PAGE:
It is common to find students (especially the female audience) in the gym environment to develop the musculature of the gluteus.
Although the primary purpose is – for the most part – aesthetic, we must understand that this muscle group is much more than a “pretty face” and we must keep it with a level of strength, at least, satisfactory!
What is the gluteus?
The buttock is the strongest muscle in our body (or at least it should be) and has strong participation in various activities such as; run, jump and climb stairs.
However, due to the sustained poor posture (especially when sitting) and possible shortening, such as the hip adductors and flexors, this muscle tends to become inhibited and weak, requiring adequate strategies for its strengthening.
In addition, this musculature has a FUNDAMENTAL role in the hip, lumbar, and knee stability. Its strengthening is strongly suggested for the treatment of – eventual – injuries in these joints.
Thinking about keeping our students free of any joint pain that may appear or even minimize the losses in hypertrophy, due to the lack of training equipment, we have selected the 5 best exercises to perform at home!
Therefore, although they are all part of the gluteus complex, they have different actions, which we will achieve with the variation of the exercises.
First of all, we strongly suggest – if they have one – that they use a miniband.
This tool can enhance your training!
Some studies show that the use of the miniband during exercises can increase gluteal activation by up to 21%, being an instrument that can favor your results.
Without further ado, let’s go to our 5 exercises to perform at home and without the need for equipment!
As many already know, the squat is a powerful exercise for lower limbs, so the gluteus could not be left out of this, showing excellent results, especially when performed in greater ranges.
Until we reach an adequate degree of mobility, we can carry it out to a lesser extent, worrying about some basic recommendations:
- Don’t let your knee in, keep your knee in line with your feet.
- Prevent the trunk from tilting too far forward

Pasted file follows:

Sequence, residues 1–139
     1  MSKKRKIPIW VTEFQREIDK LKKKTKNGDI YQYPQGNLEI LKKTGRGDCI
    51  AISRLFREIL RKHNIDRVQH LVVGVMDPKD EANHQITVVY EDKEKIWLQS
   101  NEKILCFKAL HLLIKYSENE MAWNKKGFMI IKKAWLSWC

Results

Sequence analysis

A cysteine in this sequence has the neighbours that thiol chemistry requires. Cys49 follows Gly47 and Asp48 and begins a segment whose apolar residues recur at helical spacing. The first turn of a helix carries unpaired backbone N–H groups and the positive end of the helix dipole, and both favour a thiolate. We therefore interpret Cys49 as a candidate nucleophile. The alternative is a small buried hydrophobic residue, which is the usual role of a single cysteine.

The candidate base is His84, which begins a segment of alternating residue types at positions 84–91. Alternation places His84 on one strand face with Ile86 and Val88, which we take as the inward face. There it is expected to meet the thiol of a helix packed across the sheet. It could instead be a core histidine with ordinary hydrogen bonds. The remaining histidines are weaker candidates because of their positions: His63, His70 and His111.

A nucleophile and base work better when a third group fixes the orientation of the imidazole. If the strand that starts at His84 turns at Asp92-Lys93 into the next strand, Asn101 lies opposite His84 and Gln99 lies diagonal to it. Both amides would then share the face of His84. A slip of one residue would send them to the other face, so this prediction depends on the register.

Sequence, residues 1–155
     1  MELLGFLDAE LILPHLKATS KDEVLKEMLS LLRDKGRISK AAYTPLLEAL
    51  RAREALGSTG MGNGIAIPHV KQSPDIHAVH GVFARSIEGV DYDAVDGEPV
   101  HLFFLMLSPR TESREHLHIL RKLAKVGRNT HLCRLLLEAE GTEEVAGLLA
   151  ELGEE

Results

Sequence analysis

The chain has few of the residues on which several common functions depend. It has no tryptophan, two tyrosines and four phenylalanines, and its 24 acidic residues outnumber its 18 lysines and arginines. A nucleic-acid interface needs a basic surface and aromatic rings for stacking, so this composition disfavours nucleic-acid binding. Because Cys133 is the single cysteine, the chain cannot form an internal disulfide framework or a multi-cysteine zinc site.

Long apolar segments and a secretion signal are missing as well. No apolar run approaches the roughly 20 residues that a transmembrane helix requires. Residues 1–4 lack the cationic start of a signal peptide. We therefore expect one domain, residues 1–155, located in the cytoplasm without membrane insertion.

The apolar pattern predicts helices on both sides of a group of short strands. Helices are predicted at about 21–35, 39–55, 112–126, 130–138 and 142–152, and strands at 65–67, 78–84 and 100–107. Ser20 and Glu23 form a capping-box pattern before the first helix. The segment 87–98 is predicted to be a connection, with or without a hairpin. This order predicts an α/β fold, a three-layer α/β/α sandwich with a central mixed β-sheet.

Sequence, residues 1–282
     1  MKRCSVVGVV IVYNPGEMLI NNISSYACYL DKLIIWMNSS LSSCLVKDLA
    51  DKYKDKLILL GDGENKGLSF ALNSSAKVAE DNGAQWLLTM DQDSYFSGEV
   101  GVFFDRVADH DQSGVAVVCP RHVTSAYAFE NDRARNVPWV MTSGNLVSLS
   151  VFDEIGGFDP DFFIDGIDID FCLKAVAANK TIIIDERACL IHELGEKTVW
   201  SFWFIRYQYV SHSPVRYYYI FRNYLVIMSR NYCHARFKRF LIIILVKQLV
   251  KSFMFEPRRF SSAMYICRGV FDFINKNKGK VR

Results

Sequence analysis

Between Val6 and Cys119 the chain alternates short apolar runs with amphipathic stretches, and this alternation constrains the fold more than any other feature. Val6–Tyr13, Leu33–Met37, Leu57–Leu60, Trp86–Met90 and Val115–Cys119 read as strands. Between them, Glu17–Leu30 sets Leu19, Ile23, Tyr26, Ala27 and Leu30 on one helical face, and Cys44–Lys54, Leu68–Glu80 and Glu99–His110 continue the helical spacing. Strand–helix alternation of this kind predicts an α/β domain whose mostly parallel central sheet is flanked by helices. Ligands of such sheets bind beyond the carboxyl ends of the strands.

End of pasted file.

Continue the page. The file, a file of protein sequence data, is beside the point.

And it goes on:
- Keep your abdomen firm to stabilize.
- Make small ones at the end of the descent and climb slowly with the buttocks contracted.
The pelvic elevation is the most powerful weapon in building a strong and functional gluteus! This exercise offers a little more “isolated” work for the gluteus, from this strength, muscle activation, and recruitment is very high.
Some tips can be used to further enhance the work of the gluteus in this exercise:
- Lift your toes slightly and push on your heels as if you want to sink the floor !!
- If available, use minibands!
- Make a slight rotation of the feet outward
- Avoid placing your feet too far ahead. Keep alignment with your feet.
- Hold for 3 to 5 seconds a slight isometric contraction at the end of the movement.
The gluteus complex has its potential enhanced when we carry out activities in unipodal support, that is, on one foot!
It is based on this principle that our next exercises will be selected.
This exercise can be quite challenging for some people due to the high demand for strength and, above all, balance.
This exercise could be considered a progression of the sinking exercise (which is also an excellent exercise for the gluteus), so sinking is a good alternative in case of greater difficulties.
For the more advanced, we recommend some tips:
- Keep your eyes fixed somewhere, looking sideways can upset your balance.
- Strongly contract your abdominal muscles for greater stabilization
- Do not let your knee “get in” while running.
- Slightly tilting the torso forward can further recruit the gluteus.
- Enjoy the breadth.
- Take small breaks at the end of the descent, and tightly contract your buttocks to climb.
Unilateral pelvic lift
As explained earlier, the gluteus is able to be further recruited in exercises performed on one foot.
The pelvic elevation is no different, as it is a powerful tool, as we perform an exercise with a more “isolated” characteristic and also on one foot.
This exercise has been strongly applied as a rehabilitation strategy for low back or knee pain and being used to improve gait control, especially in running athletes.
Let’s go to the recommendations:
- Be careful not to “rotate” your hips. (When one side falls during the ascent).
- Perform the slow and controlled movement, trying to keep the gluteus contracted in the 2 phases of the movement
- Take short breaks at the end of the climb. 3 to 5 seconds can be effective.
- Lift the balls of your feet to direct the full force towards the heel.
Last, but not least, the Step-Up, or step up, is an exercise that has a high gluteal demand and is an excellent tool that can be added to your training at home.
Although the name suggests that the exercise should be performed with a step’s aid, nothing prevents us from using a bench, chair or even the sofa! Follow the step by step:
- Support your foot completely on the bench to climb.
- Slow down the descent phase as much as you can
- Do not let your knee “go in” when climbing
- Avoid prolonged pauses between one repetition and another.